Martinsburg, W.Va. Brian Tolstyka stood at the edge of a giant American flag spread across several tables in the Veterans Affairs hospital gym. Wearing a leather vest with a flag patch and a hat with a flag pin, Tolstyka was about to stitch his place in history.
Gently clasping a threaded needle between thumb and forefinger, Tolstyka, 43, slipped it into the fabric of a red stripe. The 300 people in the West Virginia gym clapped. The Gulf War veteran felt a lump in his throat.
The 30-foot flag flew from a half-destroyed building across from ground zero in New York in those dark days after Sept. 11 — its stripes torn and tattered by debris from the fallen World Trade Center. In 2008, it was mended by 58 tornado survivors in Kansas with remnants of flags from their communities. Dubbed the National 9/11 Flag, it’s been traveling the country ever since — a journey for the country’s most recognizable symbol that has brought most Americans along, uniting more people in a post-9/11 world than it has divided in other times.
Within hours of the attacks, flags seemed to be everywhere: car windows, T-shirts, front porches. Wal-Mart sold 5 million by the spring of 2002.
Tolstyka, who served in the Army and organizes memorial motorcycle rides for veterans, went out and bought a flag for his car antenna a few days after Sept. 11. “It was a symbol,” he says, “of support.”
It was also a show of defiance against the terrorists, a rallying cry of unity and a soothing security blanket for a wounded nation.
“Every time there’s some kind of national emergency, we put up flags,” says Carolyn Marvin, a professor of communication at the University of Pennsylvania. “The flag represents the life of the country.”
The Stars and Stripes hasn’t always been as feel-good a symbol, depending on the decade and the politics. Defaced by Vietnam War protesters in the 1960s, invoked by politicians on both sides of debates about war and American values and burned by anti-American protesters overseas, it’s been alternately reviled and revered.
Few Americans flew the flag outside of homes or businesses in the first few decades of its existence, says Marc Leepson, who wrote a book called “Flag: An American Biography.”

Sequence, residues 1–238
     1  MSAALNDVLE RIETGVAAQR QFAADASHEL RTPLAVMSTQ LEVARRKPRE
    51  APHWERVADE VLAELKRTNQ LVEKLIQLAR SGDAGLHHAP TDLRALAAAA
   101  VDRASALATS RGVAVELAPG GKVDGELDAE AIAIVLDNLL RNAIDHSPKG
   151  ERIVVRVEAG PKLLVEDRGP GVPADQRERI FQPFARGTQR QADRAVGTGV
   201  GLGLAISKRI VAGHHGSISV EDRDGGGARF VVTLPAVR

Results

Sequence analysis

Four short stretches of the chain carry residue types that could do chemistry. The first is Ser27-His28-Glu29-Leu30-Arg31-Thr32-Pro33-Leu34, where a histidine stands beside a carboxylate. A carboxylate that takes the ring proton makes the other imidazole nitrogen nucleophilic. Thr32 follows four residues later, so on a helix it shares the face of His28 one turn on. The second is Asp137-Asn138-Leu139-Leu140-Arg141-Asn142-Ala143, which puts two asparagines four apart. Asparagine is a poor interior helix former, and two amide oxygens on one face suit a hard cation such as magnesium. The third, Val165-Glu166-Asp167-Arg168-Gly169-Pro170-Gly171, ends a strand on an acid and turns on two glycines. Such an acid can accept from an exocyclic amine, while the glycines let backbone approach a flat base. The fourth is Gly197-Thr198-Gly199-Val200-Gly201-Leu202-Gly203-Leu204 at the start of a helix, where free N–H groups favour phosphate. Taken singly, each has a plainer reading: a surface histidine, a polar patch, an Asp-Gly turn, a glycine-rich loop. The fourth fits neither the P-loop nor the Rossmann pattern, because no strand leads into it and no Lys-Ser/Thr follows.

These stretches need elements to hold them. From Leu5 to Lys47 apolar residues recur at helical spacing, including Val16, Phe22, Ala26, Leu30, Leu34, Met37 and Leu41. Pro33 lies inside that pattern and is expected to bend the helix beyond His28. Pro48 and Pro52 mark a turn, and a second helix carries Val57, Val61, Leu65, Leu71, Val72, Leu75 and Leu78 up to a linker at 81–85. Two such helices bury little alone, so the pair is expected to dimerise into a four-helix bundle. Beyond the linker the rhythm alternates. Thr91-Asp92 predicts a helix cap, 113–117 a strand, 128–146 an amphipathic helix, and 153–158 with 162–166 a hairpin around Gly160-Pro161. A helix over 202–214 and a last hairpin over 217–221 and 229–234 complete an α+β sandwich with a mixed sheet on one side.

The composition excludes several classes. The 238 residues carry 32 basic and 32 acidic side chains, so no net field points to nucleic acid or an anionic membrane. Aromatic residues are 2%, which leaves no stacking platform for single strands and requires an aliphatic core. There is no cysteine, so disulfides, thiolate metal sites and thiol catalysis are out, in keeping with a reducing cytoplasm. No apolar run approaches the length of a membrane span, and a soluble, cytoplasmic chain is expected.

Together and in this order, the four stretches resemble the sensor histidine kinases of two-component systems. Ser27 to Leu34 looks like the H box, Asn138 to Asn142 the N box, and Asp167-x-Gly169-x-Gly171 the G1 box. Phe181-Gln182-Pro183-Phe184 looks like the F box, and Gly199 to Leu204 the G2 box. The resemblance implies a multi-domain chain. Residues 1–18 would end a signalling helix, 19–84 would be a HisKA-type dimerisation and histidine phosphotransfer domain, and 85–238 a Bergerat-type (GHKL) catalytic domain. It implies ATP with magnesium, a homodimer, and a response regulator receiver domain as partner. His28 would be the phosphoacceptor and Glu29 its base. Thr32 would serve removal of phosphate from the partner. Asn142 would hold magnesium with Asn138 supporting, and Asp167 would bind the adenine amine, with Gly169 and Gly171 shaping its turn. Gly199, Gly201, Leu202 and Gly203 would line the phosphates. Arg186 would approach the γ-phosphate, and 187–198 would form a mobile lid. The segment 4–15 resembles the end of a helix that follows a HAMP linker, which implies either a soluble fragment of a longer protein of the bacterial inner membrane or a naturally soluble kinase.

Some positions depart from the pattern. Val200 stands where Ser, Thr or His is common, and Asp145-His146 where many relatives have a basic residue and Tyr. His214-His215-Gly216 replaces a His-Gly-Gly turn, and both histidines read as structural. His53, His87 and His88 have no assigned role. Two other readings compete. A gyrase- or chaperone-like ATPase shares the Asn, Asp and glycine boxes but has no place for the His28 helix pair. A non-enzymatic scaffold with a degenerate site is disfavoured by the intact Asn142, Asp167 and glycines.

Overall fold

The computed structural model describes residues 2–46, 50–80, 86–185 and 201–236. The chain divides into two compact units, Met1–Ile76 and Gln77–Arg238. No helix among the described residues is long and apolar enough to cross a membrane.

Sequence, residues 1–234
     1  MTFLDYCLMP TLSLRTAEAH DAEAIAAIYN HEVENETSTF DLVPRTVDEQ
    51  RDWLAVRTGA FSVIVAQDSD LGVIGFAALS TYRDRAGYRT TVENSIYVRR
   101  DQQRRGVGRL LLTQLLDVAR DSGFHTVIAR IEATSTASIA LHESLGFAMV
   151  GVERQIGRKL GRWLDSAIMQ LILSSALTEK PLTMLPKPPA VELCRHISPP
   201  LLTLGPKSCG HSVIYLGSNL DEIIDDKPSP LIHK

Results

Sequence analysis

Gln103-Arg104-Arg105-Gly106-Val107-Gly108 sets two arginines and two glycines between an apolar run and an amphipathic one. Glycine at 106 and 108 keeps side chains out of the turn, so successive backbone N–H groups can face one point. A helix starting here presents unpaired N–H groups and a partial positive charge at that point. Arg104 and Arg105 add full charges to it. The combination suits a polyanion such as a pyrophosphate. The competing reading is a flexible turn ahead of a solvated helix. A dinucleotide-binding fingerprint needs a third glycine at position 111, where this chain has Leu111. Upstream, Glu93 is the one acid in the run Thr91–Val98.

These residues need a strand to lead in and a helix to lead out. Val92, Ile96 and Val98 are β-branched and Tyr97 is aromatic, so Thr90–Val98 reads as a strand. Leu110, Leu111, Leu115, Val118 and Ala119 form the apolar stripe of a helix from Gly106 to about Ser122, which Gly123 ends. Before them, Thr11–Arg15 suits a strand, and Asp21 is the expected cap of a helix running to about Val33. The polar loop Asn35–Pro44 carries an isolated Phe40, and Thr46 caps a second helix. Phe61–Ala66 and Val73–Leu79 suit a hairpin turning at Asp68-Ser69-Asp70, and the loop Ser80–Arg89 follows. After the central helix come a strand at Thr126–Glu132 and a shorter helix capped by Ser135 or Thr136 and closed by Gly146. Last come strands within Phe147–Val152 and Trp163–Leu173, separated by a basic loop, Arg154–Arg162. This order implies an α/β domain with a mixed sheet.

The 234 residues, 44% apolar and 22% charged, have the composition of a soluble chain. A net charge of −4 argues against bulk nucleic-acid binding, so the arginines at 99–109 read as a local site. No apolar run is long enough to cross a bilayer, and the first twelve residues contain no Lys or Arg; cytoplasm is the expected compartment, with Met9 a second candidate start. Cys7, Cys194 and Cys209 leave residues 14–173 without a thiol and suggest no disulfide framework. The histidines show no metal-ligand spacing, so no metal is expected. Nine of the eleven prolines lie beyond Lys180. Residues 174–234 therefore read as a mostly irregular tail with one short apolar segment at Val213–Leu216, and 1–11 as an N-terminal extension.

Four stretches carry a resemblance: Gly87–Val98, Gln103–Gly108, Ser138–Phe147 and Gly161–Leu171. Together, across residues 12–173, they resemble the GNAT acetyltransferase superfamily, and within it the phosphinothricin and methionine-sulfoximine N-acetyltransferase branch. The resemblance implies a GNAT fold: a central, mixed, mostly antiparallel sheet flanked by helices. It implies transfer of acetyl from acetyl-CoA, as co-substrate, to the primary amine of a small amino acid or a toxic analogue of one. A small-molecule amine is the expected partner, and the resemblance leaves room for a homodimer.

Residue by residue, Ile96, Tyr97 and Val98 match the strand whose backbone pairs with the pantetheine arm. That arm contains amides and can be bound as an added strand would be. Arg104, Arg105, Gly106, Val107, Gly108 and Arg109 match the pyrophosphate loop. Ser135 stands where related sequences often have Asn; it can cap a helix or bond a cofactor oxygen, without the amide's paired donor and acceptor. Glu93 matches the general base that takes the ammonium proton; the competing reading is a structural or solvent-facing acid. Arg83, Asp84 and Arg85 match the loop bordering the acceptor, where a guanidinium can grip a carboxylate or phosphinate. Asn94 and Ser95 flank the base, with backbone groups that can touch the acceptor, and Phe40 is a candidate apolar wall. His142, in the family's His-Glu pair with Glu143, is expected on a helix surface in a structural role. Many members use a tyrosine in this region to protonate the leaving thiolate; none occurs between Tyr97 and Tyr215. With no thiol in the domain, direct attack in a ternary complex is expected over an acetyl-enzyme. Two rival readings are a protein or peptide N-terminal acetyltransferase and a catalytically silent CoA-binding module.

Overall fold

But on April 12, 1861, when Confederates fired on Fort Sumter in Charleston, “flags started appearing almost overnight,” he says. Women wore them in hats, men put them in wagons.”
Leepson discovered an advertisement in a copy of a New York newspaper that was published just after the Fort Sumter attack. It mentioned a paint shop that advertised red, white and blue paints, and touted: “These colors are warranted not to run.”
After Sept. 11, 2001, the flag took on a larger-than-life symbolism and brought that unity to a grieving country. Bumper stickers with images of the flag and phrases like “these colors don’t run” became commonplace in parts of the U.S.
A New Jersey photographer snapped a photo of three city firefighters raising a flag on the ruined trade center site in an image that instantly was compared to the 1945 photo of U.S. Marines raising the U.S. flag at Iwo Jima. Flags spearheaded a patriotic buying boom, appearing outside homes, on office buildings, mugs and pins.
Country Singer Toby Keith wrote “Courtesy of the Red, White and Blue” one week after Sept. 11. The song led with Americans saluting the flag and described wreaking vengeance upon the country’s enemies:
“When you hear Mother Freedom start ringing her bell/And it’ll feel like the whole wide world is raining down on you/Ah, brought to you, courtesy of the red, white and blue.”
In December of 2001, Congress designated Sept. 11 as “Patriot Day” to honor those lost during the attacks — and mandated that all flags should be flown at half-staff each year on that day.
Nearly a decade later, flags aren’t hanging from every front porch anymore, but they fill many American blocks, and thousands follow the touring flags to touch something that connects them to Sept. 11.